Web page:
Events Icon


View Events
Events Icon

Smart Partner Program

Learn More
Subscriber Login

Bug of the Month March 2018


Prairie Grasshoppers

 by Dan Johnson

The Canadian Prairies grassland and farmland are home to more than 80 different species of grasshoppers. Some of them (around 10 of these) may cause severe damage to emerging crops, in years with warm, dry springs that follow warm summers the year before.

velvet-striped grasshopper (Eritettix simplex tricarinatus) by Dan Johnson taken at Milk River, AB June 2016

 Not all grasshopper species are considered pests, and some of the types that are seen earliest in spring have an unusual life cycle, feed on native plants, and rarely reach significant numbers. The early species that appear in March to mid-May have no impact on agriculture, but do serve as food for wild birds. Their timing and numbers do not forecast pest species later.

With more effort to make farming science-based, and with crop production margins getting tighter, learning to identify the type of grasshoppers is worth while. Reducing unnecessary pesticide applications also reduces the potential for harmful impacts on the environment, including natural enemies that can help to hold down insect pests.


The booklet, Grasshopper Identification and Control Measures, published by Agriculture and Agri-Food Canada and Saskatchewan Pulse Growers includes some basic rules of thumb concerning early grasshoppers:

  • Small hoppers appearing in March or April (even early May) in Canada are not pests.
  • Any grasshopper flying before June 1 is not a pest.
  • Crop pest grasshoppers hatch in late May and early June, are brown or black, and always have tiny triangular wing buds, not large wings that can be folded back when examined closely.
  • Any grasshopper with coloured hindwings (under the forewings that serve as covers) visible in flight is not a pest.
  • Any grasshopper that sings, calls, clacks, clatters, or makes any other song is not a pest.
  • Grasshoppers that inhabit a crop on a warm day without feeding on the vegetation may be a temporary resident that is moving to more preferred vegetation, and may not eat crops at all.
  • Grasshoppers that remain in rangeland, headlands, or other grassland without moving into crops are likely to be species that do not damage crops. This is common with many types, although a few may move back and forth, and do easy-to-see damage.

The most common spring species this year in Alberta and nearby are usually found already hopping around on warm days after the snow melt begins.  A few overwinter in active stages, and one species hatches months earlier than pest grasshoppers, and can cause confusion during surveys early in the spring. The hatching grasshoppers that may damage pulse crops, forages and cereals (such as the two-striped grasshopper) can be distinguished because they are small when hatching (around 1/8th inch, 2 to 3 mm, in late May and early June), and tan, black or brown. Many overwintering grasshoppers are silver, green or rust-coloured, and much larger.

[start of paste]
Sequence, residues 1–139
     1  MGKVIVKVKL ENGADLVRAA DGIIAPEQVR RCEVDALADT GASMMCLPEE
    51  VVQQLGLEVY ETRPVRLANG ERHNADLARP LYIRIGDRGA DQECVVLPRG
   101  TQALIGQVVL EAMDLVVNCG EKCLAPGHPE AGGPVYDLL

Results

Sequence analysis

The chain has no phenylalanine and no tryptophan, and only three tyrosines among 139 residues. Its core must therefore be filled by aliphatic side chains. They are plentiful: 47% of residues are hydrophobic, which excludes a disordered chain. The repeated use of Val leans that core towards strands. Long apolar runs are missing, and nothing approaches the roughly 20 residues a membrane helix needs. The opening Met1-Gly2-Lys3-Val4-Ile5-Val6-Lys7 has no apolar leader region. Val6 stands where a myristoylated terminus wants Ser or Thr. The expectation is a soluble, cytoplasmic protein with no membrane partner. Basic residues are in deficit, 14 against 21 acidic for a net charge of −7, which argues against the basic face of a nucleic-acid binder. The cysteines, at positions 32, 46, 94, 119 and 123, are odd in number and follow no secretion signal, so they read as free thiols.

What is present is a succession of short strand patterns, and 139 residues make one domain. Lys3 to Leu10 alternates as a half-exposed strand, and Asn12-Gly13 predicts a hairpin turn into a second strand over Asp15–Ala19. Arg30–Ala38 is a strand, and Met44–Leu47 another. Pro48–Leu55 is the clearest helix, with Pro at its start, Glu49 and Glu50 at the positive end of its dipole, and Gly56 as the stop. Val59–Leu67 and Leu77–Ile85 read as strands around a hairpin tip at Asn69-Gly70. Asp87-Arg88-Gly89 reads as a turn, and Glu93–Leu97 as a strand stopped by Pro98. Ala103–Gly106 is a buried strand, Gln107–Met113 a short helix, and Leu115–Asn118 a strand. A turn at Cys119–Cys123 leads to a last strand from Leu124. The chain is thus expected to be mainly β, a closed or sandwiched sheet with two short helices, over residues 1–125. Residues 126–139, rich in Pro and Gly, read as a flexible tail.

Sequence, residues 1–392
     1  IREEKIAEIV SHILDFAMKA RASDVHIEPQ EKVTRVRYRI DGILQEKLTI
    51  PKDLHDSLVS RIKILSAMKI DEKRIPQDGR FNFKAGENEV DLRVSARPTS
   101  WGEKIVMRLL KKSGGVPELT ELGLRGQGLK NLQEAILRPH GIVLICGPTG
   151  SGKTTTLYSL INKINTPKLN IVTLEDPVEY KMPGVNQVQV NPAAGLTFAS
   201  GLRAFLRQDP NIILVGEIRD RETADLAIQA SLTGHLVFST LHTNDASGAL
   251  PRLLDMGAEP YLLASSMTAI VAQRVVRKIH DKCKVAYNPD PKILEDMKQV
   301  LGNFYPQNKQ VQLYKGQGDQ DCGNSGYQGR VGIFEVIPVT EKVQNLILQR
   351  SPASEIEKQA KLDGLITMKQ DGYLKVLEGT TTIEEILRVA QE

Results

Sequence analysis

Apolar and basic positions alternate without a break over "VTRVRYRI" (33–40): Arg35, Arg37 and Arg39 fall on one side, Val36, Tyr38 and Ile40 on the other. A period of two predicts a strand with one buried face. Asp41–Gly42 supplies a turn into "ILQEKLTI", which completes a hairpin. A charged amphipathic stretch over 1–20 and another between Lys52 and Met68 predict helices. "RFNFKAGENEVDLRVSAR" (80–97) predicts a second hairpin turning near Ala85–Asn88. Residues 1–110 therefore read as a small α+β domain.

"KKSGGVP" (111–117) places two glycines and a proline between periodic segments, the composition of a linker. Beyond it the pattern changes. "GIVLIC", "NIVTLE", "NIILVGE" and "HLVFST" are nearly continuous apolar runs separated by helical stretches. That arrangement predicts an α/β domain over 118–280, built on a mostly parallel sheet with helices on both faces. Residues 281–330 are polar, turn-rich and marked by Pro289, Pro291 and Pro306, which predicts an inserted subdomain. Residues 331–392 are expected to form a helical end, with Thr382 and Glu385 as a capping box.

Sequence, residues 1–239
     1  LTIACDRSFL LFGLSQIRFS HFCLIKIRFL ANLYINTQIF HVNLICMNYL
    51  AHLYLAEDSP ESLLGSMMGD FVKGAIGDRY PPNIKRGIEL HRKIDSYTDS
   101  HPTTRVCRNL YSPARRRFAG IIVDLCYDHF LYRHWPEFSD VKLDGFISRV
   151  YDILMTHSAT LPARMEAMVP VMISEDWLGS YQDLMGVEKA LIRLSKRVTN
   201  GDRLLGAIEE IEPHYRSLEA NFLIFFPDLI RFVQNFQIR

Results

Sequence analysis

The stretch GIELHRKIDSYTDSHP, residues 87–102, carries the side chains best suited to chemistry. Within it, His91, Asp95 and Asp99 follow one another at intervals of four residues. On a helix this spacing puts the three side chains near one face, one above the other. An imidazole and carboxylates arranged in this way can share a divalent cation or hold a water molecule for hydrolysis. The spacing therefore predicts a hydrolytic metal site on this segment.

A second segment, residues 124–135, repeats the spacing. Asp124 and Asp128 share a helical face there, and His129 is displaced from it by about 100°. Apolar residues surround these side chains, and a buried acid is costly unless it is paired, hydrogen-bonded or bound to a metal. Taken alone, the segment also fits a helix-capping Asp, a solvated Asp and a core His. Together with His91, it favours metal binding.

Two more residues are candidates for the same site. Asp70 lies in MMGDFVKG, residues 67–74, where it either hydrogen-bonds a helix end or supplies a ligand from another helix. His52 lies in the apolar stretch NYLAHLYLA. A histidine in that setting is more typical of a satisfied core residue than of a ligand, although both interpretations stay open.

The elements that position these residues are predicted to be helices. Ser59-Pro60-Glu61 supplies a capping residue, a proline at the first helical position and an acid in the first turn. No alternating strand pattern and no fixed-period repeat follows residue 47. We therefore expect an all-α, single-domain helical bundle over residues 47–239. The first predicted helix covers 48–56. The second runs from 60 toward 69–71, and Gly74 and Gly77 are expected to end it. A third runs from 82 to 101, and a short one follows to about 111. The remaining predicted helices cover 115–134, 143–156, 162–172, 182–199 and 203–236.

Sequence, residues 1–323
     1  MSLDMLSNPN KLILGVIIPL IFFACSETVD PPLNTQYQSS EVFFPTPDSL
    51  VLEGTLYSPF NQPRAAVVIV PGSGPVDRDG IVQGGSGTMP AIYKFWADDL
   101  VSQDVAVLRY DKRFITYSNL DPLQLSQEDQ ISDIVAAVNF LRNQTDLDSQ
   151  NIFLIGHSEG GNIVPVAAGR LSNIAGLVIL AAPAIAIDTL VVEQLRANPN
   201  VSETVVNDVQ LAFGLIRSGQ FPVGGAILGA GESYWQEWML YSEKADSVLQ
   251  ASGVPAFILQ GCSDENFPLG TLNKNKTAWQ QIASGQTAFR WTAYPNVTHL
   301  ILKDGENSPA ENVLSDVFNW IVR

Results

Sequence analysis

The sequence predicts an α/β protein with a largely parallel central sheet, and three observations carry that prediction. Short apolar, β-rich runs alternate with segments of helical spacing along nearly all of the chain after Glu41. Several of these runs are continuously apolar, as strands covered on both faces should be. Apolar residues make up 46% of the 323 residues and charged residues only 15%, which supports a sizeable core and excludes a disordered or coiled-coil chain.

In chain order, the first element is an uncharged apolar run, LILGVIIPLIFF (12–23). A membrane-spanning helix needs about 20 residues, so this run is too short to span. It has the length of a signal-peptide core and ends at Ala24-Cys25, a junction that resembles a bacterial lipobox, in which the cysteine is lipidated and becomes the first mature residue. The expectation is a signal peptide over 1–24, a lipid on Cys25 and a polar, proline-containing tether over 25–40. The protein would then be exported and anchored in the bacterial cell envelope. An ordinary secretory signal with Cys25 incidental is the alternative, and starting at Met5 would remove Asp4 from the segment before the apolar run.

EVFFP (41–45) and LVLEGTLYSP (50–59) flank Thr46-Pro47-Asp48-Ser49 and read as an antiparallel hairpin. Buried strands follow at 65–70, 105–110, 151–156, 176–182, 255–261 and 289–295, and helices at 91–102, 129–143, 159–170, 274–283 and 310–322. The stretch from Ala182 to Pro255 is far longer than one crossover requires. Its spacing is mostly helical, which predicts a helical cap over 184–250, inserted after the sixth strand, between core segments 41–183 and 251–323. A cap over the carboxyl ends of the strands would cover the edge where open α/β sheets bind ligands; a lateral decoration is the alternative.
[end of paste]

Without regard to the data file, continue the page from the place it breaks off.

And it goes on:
Pest grasshoppers to watch for during June and July

You can find the clubhorned grasshopper all over Alberta. It prefers grasslands.

About 10 can cause some damage, but five or these are the most common, and lately two have been the most common grasshopper pests in the Canadian prairies. These are the two-striped grasshopper and the clear-winged grasshopper. Both of these can occur in large numbers, and tend to eat crops down to the ground around the edge of the field or other choice spots. If a forecast predicts high densities in an area, it may be prudent to check fields in late May and early June. Forecasts typically indicate the abundance of grasshopper observed during the previous August, for example, 2-4 per square meter. This does not represent the expected hatching abundance in early spring. An adult female grasshopper can easily lay over 100 eggs (50+ per pod), and the potential number that hatch the following spring depends in part on weather and survival. the two-striped is a tiny tan hopper at first, and the youngest stages of the clear-winged grasshopper are black with a white stripe.

 Remember that the two-striped grasshopper feeds on a wide range of grassy and broadleaf plants, and the clear-winged grasshopper is mainly restricted to cereal crops and grass. They both overwinter as eggs and hatch in time to grow in June, so the date can help to separate them from the harmless species that overwinter and emerge in April and early May. In the last decade, the lesser migratory grasshopper and Packard’s grasshopper ranked a distant third and fourth in pest status, although they were bigger problems in past outbreaks.

The on-line booklet discusses these key early spring grasshoppers: 

  1. club-horned grasshopper (Aeropedellus clavatus), 
  2. velvet-striped grasshopper (Eritettix simplex tricarinatus)
  3. brown-spotted range grasshopper (Psoloessa delicatula)
  4. dark brown or charcoal-colored grasshopper called the speckled rangeland grasshopper (Arphia conspersa).
  5. northern green-striped grasshopper (Chortophaga viridifasciata)
  6. red-shanked grasshopper (Xanthippus corallipes latefasciatus) 

Photos by Dan Johnson